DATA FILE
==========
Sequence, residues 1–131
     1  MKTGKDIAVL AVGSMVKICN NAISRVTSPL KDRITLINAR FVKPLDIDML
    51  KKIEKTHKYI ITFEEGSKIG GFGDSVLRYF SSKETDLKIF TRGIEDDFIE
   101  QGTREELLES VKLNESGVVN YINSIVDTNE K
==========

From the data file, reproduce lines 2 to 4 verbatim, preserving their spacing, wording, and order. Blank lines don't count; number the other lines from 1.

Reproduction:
     1  MKTGKDIAVL AVGSMVKICN NAISRVTSPL KDRITLINAR FVKPLDIDML
    51  KKIEKTHKYI ITFEEGSKIG GFGDSVLRYF SSKETDLKIF TRGIEDDFIE
   101  QGTREELLES VKLNESGVVN YINSIVDTNE K